The Indian Medical Association has released dengue guidelines and has asked citizens not to panic. Some of the important points to note are listed below:
Symptoms include the onset of an acute febrile illness accompanied by headache, retro orbital pain, and marked muscle and joint pains.
Symptoms typically develop between four and seven days after the bite of an
infected mosquito. The incubation period may range from three to 14 days.
Fever typically lasts for five to seven days. The febrile period may also be
followed by a period of marked fatigue that can last for days to weeks,
especially in adults.
Joint pain, body aches, and rash are more common in females.
Adopt multiple measures to avoid the mosquito breeding and bites.
The main complication is leakage of capillaries and collection of blood outside the blood channels leading to intravascular dehydration. Giving fluids orally or by intravenous routes, if given at a proper time, can save fatal complications.
Unnecessary platelet transfusion can cause more harm than good.
Dramatic plasma leakage often develops suddenly; therefore, substantial attention has been placed on early identification of patients at higher risk for shock and other complications.
The period of maximum risk for shock is between the third and seventh day of illness. This tends to coincide with resolution of fever. Plasma leakage generally first becomes evident between 24 hours before and 24 hours after defervescence.
An elevation of the hematocrit is an indication that plasma leakage has already occurred and that fluid repletion is urgently required.
Low platelet count usually precedes overt plasma leakage.
Mild elevations in serum SGOT and SGPT levels are common. Bit in severe dengue the levels are very high with SGOT > SGPT levels.
A normal SGOT levels is a strong negative predictor of severe dengue even in the first three days of illness.
Coexisting medical conditions and chronic hemolytic disease may complicate management. Referral for hospitalization is recommended for such patients, regardless of other findings. Additionally, hospitalization should be considered for patients who may have difficulties with outpatient follow-up (eg, patients who live alone or who live far from a healthcare facility without a reliable means of transport).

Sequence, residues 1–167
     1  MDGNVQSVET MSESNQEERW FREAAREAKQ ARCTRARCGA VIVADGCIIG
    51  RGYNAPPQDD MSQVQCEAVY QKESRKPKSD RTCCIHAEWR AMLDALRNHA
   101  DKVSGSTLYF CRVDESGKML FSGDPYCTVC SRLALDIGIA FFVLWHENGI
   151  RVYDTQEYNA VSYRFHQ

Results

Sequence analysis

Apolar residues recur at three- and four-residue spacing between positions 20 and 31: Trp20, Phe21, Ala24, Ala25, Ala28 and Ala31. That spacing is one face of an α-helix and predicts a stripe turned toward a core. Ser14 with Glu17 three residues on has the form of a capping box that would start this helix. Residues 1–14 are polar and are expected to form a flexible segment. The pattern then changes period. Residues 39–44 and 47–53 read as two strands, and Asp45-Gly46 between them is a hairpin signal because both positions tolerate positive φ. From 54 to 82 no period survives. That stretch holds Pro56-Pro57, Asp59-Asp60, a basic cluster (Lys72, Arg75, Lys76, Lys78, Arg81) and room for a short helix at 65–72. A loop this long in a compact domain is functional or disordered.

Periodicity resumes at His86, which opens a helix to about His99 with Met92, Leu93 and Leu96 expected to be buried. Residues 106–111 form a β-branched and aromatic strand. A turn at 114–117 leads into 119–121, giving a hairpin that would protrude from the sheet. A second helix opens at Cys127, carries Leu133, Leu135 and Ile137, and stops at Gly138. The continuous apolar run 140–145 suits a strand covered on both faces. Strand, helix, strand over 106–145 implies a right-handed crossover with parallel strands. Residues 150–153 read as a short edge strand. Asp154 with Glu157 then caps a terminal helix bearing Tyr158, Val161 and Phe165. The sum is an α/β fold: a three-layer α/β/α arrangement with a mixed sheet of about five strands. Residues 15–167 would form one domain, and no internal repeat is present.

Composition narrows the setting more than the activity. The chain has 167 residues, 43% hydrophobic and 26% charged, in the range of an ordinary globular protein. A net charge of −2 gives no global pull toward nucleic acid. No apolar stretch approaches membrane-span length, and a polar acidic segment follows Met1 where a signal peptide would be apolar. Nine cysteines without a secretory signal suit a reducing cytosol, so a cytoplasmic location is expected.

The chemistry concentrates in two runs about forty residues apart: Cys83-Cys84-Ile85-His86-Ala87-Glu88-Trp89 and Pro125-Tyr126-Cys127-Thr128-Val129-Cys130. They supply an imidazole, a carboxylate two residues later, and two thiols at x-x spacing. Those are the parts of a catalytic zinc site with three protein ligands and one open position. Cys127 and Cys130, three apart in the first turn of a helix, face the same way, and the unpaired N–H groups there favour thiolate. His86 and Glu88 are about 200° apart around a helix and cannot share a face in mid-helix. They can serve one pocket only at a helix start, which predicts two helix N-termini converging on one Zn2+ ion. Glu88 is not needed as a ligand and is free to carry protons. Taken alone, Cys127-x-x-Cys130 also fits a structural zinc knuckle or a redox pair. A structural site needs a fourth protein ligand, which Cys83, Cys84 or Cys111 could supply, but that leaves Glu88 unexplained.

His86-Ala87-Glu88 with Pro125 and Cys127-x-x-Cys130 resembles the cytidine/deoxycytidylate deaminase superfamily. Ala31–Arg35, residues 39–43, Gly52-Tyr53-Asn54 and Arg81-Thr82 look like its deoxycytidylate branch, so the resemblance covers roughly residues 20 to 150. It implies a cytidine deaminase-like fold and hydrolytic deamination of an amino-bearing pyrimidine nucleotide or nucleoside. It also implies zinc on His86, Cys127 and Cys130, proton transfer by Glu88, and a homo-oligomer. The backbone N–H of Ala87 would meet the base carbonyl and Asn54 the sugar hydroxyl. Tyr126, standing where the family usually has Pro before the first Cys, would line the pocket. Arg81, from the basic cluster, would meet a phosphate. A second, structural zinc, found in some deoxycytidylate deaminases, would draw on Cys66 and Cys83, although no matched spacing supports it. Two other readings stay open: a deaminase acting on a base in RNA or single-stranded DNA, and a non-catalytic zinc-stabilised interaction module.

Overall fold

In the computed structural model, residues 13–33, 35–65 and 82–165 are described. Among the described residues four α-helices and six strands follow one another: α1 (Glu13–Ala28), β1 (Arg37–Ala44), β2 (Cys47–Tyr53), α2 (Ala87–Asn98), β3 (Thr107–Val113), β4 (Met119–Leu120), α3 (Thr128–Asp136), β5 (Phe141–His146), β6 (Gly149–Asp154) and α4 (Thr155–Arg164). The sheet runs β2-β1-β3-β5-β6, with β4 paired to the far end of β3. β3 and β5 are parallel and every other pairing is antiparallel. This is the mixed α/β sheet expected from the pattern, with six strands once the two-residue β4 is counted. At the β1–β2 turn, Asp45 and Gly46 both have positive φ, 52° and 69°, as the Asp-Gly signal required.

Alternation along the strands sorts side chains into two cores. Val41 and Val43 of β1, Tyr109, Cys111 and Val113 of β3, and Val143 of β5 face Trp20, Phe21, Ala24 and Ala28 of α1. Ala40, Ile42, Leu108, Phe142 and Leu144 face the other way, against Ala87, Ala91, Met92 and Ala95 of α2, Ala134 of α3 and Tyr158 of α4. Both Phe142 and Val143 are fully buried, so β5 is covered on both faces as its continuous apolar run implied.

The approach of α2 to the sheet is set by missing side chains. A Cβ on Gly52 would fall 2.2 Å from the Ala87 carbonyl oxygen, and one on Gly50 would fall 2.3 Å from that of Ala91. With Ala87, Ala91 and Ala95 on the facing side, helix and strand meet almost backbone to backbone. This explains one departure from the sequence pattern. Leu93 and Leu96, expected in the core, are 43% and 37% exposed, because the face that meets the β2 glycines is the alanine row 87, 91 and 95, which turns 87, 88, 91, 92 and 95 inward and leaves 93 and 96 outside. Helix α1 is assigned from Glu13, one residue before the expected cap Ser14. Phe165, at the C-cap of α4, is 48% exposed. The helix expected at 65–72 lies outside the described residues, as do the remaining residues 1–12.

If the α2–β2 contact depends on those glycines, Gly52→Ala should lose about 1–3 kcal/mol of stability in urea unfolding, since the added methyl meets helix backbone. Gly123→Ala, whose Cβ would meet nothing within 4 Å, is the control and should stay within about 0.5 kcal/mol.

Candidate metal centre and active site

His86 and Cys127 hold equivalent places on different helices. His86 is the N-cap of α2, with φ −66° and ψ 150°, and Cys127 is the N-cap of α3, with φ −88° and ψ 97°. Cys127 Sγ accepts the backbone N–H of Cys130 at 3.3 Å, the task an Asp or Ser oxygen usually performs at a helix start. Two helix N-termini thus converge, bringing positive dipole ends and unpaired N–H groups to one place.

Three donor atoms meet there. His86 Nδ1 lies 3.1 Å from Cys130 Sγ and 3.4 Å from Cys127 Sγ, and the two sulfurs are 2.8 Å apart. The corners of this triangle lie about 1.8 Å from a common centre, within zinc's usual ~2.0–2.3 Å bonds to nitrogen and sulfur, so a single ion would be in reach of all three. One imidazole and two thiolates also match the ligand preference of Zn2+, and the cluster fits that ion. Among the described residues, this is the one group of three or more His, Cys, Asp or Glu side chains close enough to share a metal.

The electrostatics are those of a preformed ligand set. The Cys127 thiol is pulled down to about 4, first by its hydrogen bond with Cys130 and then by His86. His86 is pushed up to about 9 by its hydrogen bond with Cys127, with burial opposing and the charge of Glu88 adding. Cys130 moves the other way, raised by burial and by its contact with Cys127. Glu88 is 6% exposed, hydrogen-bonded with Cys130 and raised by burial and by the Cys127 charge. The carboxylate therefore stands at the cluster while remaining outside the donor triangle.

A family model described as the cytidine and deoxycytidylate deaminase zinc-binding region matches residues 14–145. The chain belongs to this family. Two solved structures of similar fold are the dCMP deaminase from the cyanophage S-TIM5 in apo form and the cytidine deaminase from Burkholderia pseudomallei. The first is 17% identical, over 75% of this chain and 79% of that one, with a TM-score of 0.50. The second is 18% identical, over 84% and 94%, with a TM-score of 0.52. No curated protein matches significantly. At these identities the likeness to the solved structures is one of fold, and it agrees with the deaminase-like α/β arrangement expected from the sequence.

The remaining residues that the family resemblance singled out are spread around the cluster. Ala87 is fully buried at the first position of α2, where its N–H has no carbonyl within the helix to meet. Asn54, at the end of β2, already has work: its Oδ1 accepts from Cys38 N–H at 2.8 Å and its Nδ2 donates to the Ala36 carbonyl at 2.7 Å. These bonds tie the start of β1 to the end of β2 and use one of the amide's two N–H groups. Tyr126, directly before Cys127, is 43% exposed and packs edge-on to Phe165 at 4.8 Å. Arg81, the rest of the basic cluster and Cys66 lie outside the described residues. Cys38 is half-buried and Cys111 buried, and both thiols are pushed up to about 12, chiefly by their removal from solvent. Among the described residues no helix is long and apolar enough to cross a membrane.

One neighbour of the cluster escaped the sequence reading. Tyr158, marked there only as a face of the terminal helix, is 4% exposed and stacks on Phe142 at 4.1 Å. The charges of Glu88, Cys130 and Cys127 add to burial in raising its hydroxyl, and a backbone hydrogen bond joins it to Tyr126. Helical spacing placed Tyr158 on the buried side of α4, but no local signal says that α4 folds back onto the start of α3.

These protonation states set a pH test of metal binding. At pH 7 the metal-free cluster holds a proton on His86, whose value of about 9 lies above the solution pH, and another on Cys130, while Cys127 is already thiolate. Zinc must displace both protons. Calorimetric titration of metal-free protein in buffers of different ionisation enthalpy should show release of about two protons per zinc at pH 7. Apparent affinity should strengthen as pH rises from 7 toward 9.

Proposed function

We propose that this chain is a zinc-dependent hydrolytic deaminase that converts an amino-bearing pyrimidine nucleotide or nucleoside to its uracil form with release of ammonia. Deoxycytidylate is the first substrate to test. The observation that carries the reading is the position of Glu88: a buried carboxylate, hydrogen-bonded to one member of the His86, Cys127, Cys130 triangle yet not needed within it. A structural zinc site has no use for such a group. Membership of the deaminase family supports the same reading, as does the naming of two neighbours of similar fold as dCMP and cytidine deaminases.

Patients with suspected dengue who do not have any of the above indicators probably can be safely managed as outpatients. Daily outpatient visits may be needed to permit serial assessment of blood pressure, hematocrit , and platelet count.
Must pass urine every three hours.
Duration of extra fluids.
The fluids that are lost into potential spaces (eg, pleura, peritoneum) during the period of plasma leakage are rapidly reabsorbed. Intravenous fluid supplementation should be discontinued once patients have passed the period of plasma leakage.
Usually no more than 48 hours of intravenous fluid therapy are required.
Excessive fluid administration after this point can precipitate hypervolemia and pulmonary edema.
When the dominant strain remains the same for a long period, a significant population develops immunity to it, and fewer patients are diagnosed with the virus.
Infection with one of the four serotypes of dengue virus (primary infection) provides lifelong immunity to infection with a virus of the same serotype.
However, immunity to the other dengue serotypes is transient, and individuals can subsequently be infected with another dengue serotype (secondary infection).
Subsequent infection with a second type increases the likelihood of serious illness.
The risk for severe dengue appears to decline with age, especially after age 11 years.